A couple of powerful flashbacks to the Los Angeles of his childhood persuaded Robert Towne to write "Chinatown."
One flashback came during a walk along the ocean in the early 1970s, when the quality of the light, the sea air and the smell of eucalyptus sent him into a reverie. "I remember thinking, 'I'm 11 years old again,' " Towne says, on the phone from his Los Angeles home to talk about the 35th anniversary of "Chinatown."
The other transporting moment was prompted by a newspaper article that focused on the 1930s and '40s Los Angeles of crime novelist Raymond Chandler and included photos of a period convertible at historic buildings.
"I'm very susceptible to the sights and sounds of the city," says Towne, who will turn 75 in November. "I realized all those parts of the city that I have loved and missed so much were still there to be had on film. I just needed the story."
He found his Los Angeles story in Oregon, where he'd gone with his friend and former roommate, an up-and-coming actor named Jack Nicholson, to appear in Nicholson's directorial debut, "Drive, He Said," released in 1971. Looking for a way to pass the time, Towne read Carey McWilliams' "Southern California: An Island on the Land," published in 1946. Still in print - "There's never been a better book about Southern California," Towne says - it contains a chapter about Los Angeles' infamous water scandal at the beginning of the last century, when shady if legal dealings allowed a core group of already wealthy men who controlled Los Angeles to become even richer by diverting water from the Owens Valley, 230 miles to the northeast.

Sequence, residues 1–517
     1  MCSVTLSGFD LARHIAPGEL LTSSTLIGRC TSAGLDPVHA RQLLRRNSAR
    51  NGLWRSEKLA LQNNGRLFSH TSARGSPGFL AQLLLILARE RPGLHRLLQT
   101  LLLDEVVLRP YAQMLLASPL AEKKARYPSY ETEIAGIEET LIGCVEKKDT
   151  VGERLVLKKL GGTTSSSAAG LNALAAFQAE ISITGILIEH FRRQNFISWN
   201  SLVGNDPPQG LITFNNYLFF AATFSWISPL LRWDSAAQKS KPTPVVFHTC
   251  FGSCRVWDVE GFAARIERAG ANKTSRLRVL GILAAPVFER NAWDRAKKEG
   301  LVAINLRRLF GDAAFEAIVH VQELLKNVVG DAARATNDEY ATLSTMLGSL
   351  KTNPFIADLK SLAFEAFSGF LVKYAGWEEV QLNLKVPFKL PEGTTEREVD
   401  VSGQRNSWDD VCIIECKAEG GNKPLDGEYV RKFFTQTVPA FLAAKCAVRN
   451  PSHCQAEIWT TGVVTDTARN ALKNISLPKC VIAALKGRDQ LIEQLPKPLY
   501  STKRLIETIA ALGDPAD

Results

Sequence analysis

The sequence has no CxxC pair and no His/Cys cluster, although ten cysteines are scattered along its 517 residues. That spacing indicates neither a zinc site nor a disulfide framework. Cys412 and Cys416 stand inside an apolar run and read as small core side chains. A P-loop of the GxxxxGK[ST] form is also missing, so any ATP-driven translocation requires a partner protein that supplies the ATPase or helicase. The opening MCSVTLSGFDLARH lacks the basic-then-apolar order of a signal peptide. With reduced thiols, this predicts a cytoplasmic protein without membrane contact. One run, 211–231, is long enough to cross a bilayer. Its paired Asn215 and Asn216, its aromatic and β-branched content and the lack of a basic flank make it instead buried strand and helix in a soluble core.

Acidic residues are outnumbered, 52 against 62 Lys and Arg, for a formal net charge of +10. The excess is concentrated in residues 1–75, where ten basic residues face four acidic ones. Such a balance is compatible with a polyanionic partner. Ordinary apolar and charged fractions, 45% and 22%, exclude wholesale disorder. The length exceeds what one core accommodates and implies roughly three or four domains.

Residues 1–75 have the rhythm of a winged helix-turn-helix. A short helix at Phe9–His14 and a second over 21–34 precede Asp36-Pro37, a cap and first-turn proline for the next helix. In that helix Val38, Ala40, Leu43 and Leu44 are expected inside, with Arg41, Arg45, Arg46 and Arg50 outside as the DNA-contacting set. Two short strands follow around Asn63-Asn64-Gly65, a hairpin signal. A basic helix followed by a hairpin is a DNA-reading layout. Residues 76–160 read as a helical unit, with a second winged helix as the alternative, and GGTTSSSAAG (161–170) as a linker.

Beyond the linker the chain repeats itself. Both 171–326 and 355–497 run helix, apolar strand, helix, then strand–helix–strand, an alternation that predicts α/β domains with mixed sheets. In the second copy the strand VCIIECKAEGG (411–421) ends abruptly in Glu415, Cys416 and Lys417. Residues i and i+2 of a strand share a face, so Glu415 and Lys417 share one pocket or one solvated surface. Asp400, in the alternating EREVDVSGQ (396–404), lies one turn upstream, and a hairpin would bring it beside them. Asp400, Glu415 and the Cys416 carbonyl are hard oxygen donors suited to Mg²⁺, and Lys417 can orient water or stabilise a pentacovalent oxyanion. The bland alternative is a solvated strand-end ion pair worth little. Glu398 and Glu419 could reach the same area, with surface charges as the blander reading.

Towne had his setting and his subject, and he and Nicholson wanted to make a classic murder mystery with contemporary sensibilities, a modern noir.
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